“For Britain and other European and American countries, when they say they welcome HK people to settle down in their countries, it’s only lip service and they’re not willing to do so in real practice,” Wang Peng, a professor of Jinan University, who is also a researcher of the Guangdong-Hong Kong-Macao Greater Bay Area Research Institute in the school told CGTN.
“Moreover, they have no capability to take them in right now as the coronavirus is still rampant in their countries.”
“If building cities can repeat HK’s success, China has already made 100 HKs”
Wang pointed out that HK was made in a very special historical context and proponents of the charter city idea only see the characteristics that boosted the success of HK, like the spirit of industriousness, stamina and entrepreneurship of HK people, but ignored other less palatable issues.
HK sprang from colonial rule. The island was occupied by British in the 1840s and soon was declared as a free port. After WWII, HK’s economy grew very quickly as the city fully took its advantage as a free port, taking industrial transfers from Europe, the United States and Japan.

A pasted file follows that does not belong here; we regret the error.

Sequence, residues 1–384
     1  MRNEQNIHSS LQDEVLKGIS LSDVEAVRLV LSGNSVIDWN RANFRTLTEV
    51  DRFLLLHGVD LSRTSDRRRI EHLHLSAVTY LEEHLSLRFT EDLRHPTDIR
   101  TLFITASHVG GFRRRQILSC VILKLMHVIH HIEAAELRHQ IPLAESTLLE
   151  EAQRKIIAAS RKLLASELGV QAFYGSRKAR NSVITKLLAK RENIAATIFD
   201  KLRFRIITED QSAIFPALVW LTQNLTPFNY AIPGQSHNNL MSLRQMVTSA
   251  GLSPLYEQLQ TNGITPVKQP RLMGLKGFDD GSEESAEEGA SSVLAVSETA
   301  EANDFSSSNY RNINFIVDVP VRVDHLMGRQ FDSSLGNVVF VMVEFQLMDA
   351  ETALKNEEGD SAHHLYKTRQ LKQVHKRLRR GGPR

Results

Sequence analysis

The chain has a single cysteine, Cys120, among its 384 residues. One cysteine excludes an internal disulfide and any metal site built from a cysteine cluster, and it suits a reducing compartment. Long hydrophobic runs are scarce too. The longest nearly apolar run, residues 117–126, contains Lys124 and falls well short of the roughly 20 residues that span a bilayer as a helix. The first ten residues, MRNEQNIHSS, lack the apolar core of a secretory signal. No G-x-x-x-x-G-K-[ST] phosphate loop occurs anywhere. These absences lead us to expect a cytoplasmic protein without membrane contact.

And with China’s reform and opening-up at the end of 1970s, the city took the chance and upgraded its economy by transferring most of its labor-intensive manufacturing industries to the Chinese mainland. Wages, price of land and rent were pretty low in the Chinese mainland at the time.
“Since WWII, the economies of Singapore, South Korea, Taiwan and Hong Kong developed really rapidly. We called them the Four Asian Tigers,” Wang said. “But right now, it’s impossible to replicate the success of HK or the Singapore and South Korea, because the economic environment and conditions no matter in HK, the Chinese mainland or other global entities has changed dramatically.”
“The idea sounds ‘lovely’, but it’s too unrealistic and absurd.”
Wu Gangliang, a financial professional and also a researcher at China Enterprise Reform and Development Research Association told CGTN that accidents of history made HK what it is today and even with high buildings and advanced hardware facilities, the city’s complex economic fabric would be very hard to replicate.
“If building cities can create an international finance center or a world trade center, China has already made 100 HKs,” Wu said.